Apart from the political war raging over universal healthcare in USA, there are real issues with throwing open a website to which tens of millions of users are compelled by law and economics to visit. Last week it was an embarrassing bottleneck…
According to Netcraft and PR, the government has decided to throw more and better servers at the problem:
“Q And do you have an estimate on how many people have attempted to access the website for the health care?
MR. CARNEY: Let me see what facts and figures I have. As of now, I still have — in the first 72 hours healthcare.gov had over 8.6 million unique visitors. As you know, there were seven times more users on the marketplace website that first morning than have even been on the Medicare.gov site at one time.
Q But you still donâ€™t know how many people have signed up?
MR. CARNEY: Iâ€™m glad you asked that question because I want to be clear about it. When it comes to enrollment data — I want to clear this up — we will release data on regular monthly intervals, just like was done in Massachusetts and just like what was done and is done when it comes to Medicare Part D. What I can confirm right now is that people are signing up through federal exchanges. But weâ€™re not going to be — this is an aggregation process and weâ€™re not going to release data on an hourly or daily or weekly basis. Weâ€™ll follow models that have existed in previous programs, including a similar program in Massachusetts, including Medicare Part D, which is the most recent federal example of this kind of thing, and release enrollment data on regular monthly intervals.”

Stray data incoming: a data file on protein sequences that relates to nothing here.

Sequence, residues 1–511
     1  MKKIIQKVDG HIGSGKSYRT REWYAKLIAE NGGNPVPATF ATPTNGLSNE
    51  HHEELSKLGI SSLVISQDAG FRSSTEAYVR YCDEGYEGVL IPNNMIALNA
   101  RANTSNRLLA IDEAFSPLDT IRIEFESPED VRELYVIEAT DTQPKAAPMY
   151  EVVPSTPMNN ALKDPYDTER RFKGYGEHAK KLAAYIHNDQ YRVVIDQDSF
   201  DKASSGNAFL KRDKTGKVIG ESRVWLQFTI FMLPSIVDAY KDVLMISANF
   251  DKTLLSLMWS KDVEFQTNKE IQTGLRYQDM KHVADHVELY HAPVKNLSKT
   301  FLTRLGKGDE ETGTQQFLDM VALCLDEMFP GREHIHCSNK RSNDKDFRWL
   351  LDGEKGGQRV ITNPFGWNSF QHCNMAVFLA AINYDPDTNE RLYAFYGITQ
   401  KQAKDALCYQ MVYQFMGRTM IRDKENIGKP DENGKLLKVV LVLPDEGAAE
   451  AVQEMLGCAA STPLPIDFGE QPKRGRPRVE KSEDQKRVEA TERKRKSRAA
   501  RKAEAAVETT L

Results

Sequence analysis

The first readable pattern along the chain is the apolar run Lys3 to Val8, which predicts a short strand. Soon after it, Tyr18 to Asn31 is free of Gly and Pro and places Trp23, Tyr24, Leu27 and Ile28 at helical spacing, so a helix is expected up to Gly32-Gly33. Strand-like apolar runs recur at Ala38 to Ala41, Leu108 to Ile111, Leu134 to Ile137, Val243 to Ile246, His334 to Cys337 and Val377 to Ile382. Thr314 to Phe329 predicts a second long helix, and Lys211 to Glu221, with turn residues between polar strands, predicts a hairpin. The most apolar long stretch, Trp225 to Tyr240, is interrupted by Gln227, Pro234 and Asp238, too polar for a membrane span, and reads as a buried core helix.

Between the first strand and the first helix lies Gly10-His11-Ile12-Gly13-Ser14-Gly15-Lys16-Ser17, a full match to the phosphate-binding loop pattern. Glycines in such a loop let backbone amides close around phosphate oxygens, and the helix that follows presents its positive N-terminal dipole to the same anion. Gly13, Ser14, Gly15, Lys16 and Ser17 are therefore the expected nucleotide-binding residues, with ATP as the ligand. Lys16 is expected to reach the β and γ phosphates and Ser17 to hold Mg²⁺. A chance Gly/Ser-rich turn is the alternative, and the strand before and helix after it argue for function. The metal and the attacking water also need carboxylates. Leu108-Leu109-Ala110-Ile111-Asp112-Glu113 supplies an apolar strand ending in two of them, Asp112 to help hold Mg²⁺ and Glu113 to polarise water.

Turning loose a variable number of virtual servers out there in Akamai‘s cloud should help them scale.